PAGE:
If you are reading this, one of two things has happened to you: The IT Budget Gods have smiled on you and have given you funding for an additional resource to add to your Scrum Team. You are trying to figure out who to staff. Congratulations! Your Scrum Team is struggling, and you need some […]
If you are reading this, one of two things has happened to you:
In either case, I thought the best way to demonstrate the value of a Business Analyst on a Scrum Team is to talk about some of the problems that you may be experiencing.
So, without further delay:
1. You get to your product review and your product owner has major issues with what you’ve done.
2. You get to stakeholder review and they have major issues with what you’ve done. (Yikes!)
3. Your developers feel like they spend a lot of time doing stuff that isn’t fun to them (like figuring out the requirements.)
4. You have a well-intentioned product owner or stakeholder who wants to fill your product backlog with a binder of requirements from ten years ago and asks you to build it.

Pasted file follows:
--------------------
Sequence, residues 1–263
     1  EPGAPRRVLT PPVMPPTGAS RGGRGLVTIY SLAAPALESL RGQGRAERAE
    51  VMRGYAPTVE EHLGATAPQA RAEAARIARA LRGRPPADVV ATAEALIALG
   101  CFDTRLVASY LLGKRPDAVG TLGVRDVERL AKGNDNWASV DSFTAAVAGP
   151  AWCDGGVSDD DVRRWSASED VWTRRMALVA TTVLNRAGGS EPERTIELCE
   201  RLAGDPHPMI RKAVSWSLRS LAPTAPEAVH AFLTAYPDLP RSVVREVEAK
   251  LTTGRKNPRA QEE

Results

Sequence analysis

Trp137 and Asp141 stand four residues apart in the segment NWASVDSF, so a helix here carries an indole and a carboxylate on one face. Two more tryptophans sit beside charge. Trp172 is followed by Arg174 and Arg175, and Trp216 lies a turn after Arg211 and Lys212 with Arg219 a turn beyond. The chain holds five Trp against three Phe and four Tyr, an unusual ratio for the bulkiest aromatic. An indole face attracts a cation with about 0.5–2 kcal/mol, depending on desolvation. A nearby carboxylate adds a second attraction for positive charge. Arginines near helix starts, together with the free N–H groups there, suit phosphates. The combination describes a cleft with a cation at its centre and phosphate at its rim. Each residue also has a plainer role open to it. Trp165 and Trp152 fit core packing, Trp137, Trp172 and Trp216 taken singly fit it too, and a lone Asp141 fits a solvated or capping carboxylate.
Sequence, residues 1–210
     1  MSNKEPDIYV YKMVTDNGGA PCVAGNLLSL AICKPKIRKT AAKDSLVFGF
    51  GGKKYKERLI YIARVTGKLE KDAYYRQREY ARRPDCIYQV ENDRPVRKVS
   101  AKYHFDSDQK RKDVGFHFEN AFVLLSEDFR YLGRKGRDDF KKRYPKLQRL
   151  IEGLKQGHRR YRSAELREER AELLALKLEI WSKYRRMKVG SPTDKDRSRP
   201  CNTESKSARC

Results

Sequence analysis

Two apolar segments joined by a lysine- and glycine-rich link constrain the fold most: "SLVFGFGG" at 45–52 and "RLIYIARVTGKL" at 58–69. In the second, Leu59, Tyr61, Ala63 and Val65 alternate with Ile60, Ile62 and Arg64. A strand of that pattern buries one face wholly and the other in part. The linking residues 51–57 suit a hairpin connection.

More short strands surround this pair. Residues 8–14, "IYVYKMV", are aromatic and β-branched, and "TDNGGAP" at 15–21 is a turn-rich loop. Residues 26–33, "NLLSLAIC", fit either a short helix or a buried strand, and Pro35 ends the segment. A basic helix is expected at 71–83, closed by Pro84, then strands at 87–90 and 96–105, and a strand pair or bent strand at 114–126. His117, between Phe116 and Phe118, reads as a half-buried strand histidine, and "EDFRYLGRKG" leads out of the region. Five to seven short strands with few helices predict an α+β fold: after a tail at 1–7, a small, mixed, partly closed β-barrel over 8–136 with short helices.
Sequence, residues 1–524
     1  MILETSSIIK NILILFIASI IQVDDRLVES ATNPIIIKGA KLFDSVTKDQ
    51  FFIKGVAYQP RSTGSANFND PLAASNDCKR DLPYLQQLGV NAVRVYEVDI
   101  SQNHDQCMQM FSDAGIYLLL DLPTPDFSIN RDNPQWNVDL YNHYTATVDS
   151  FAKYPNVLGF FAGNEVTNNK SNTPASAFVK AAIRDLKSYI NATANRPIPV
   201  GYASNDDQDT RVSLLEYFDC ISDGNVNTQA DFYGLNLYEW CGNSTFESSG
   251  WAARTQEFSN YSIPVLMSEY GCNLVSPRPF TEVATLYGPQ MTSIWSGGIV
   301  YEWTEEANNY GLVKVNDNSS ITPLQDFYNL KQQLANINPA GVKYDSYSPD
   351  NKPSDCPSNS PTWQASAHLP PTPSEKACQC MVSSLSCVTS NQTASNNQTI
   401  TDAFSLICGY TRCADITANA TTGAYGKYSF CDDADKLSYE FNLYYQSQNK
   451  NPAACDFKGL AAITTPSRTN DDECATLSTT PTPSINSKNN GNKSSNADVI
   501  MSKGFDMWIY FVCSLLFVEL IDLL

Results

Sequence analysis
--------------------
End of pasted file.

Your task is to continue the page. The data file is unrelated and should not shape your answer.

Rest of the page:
5. You have a lot of data elements floating out there and as a team and you struggle to maintain consistent information where data should be pulled from.
6. You are dealing with complicated processes or user workflows.
7. You are required to maintain documentation for the purposes of traceability, training, or posterity.
8. Your user stories are inconsistently sized and, therefore, hard to estimate.
9. Testing is an afterthought.
10. Your developers spend a lot of time doing unplanned work.
If one or more of these are true, you might need a Business Analyst.
Have you experienced other Agile/Scrum software delivery problems that a Business Analyst was able to help solve?
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